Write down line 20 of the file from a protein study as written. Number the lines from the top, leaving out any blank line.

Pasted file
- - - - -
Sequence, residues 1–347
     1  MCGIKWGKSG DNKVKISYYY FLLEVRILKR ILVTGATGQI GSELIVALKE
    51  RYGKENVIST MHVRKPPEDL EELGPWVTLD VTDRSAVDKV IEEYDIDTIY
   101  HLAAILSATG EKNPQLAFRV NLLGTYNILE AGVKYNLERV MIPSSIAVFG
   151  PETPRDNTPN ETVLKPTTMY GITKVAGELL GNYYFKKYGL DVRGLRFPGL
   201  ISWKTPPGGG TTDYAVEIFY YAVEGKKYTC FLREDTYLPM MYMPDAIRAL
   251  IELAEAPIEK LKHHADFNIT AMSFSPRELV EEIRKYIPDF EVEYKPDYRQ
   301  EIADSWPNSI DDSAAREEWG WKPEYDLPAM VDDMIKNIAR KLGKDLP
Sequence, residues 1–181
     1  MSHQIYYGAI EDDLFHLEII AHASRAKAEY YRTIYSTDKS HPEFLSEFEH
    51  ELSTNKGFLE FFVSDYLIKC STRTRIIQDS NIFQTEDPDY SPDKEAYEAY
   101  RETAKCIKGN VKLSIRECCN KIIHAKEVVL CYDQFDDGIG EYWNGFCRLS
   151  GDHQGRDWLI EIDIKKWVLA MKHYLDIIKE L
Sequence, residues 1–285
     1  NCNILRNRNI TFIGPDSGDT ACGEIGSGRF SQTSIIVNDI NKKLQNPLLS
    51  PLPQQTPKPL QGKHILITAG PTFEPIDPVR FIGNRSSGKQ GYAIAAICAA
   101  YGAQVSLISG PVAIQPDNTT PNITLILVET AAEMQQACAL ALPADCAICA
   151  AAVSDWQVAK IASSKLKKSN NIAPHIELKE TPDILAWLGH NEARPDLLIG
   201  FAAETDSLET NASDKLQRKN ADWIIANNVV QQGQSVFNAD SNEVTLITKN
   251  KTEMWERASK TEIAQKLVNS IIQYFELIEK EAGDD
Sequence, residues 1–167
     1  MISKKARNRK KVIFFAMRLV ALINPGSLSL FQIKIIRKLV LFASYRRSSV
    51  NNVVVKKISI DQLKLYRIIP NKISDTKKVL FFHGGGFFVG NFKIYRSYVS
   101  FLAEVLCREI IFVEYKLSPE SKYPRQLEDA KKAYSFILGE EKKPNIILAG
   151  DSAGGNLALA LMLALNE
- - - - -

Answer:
   251  KTEMWERASK TEIAQKLVNS IIQYFELIEK EAGDD